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There is no story more riveting in sport than that of William Webb Ellis suddenly picking up a football and running with it during a school match for Rugby in 1823 to invent rugby. Like many such creation stories, this is almost definitely a myth, but the World Cup, which starts this month, is named after him.
The fact is rugby's rules developed after many acrimonious meetings with football but, unlike its twin, it failed to come to terms with professionalism, leading to a historic split between the amateur union and the professional league.
Tony Collins narrates this history with magisterial skill, weaving in details of matches with the wider historical and social picture, including how the oval ball has managed to keep Ireland united when nothing else has – the Irish have always been one rugby nation with players even forming part of British Lions teams touring overseas.
For nearly a century, rugby not only tolerated racism but encouraged it, which remains a shameful indictment of the game's white administrators who have never ac- knowledged it or apologised for it.
New Zealand's behaviour has been most astounding, boasting that it had integrated its Maoris, many of whom were distinguished players for the All Blacks, a team which has always set the template in the sport. But when it came to playing the pre-Nelson Mandela South African team, New Zealand, despite seeing rugby as more than a game, readily accepted diktats to exclude its Maori players, including the legendary Ranji Wilson, born to an English mother and West Indian father, and George Nepia, forcing him to leave the union for the league.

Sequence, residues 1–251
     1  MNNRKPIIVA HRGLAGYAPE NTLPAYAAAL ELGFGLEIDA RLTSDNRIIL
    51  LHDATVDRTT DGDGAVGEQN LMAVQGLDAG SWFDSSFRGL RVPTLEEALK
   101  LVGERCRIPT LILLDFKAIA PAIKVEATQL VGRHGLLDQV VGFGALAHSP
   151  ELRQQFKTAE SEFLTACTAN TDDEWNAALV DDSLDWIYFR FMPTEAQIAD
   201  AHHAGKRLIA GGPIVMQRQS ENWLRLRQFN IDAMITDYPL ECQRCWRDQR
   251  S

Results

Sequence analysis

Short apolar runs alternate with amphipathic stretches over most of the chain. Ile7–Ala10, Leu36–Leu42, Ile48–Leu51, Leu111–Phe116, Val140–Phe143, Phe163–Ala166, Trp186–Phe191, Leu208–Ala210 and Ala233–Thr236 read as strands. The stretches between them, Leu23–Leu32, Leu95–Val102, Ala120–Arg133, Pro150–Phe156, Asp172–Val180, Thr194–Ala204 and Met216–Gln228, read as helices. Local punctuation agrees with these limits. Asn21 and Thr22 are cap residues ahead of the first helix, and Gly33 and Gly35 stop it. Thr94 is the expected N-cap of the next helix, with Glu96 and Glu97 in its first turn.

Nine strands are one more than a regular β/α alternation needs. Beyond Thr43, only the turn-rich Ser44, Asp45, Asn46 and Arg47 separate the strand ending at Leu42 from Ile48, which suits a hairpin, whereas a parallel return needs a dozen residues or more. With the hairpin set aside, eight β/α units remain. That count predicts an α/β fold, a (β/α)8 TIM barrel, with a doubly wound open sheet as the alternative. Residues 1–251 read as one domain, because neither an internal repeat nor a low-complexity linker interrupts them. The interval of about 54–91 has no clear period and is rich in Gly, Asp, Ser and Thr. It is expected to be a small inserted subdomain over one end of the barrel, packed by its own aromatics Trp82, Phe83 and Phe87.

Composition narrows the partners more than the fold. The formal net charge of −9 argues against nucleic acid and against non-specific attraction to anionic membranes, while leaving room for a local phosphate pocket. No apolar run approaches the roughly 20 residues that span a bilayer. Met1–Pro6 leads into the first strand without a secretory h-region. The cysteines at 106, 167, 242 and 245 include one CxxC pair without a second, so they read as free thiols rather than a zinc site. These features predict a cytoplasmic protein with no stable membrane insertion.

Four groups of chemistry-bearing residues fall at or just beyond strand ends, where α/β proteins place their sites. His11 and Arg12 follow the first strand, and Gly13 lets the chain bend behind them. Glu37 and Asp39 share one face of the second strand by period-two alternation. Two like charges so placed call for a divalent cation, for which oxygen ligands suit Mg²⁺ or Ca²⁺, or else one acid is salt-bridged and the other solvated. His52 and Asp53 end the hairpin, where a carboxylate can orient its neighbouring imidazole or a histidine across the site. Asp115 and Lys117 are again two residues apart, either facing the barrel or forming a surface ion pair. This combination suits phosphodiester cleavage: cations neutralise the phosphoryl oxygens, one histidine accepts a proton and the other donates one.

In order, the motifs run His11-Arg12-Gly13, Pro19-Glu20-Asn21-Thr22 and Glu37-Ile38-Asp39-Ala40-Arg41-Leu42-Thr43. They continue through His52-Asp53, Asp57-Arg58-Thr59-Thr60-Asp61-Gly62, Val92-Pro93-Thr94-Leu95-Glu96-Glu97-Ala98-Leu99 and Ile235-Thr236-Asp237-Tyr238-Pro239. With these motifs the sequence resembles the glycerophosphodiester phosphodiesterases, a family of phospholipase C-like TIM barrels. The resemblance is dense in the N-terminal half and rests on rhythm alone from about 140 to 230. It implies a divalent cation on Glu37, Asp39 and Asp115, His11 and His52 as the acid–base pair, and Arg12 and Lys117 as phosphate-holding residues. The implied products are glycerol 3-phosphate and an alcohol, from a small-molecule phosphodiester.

In 1949, New Zealand's prime minister, publicly explaining why non-white citizens were being excluded, said otherwise New Zealand would not be able to tour South Africa. Unlike football, the Olympics, even cricket, rugby never formally excluded South Africa and, a year before Mandela was freed, the Inter- national Rugby Board sanctioned a World XV to celebrate the centenary of white South African rugby.
Ironically, in 1995, as Mandela's rainbow nation won the World Cup for the first time with the man himself wearing the Springbok jersey once denied to black people, rugby union finally became professional and stopped treating the league as a pariah.
The game had come a long way from the mythical moment Ellis picked up the ball and ran.Reuse content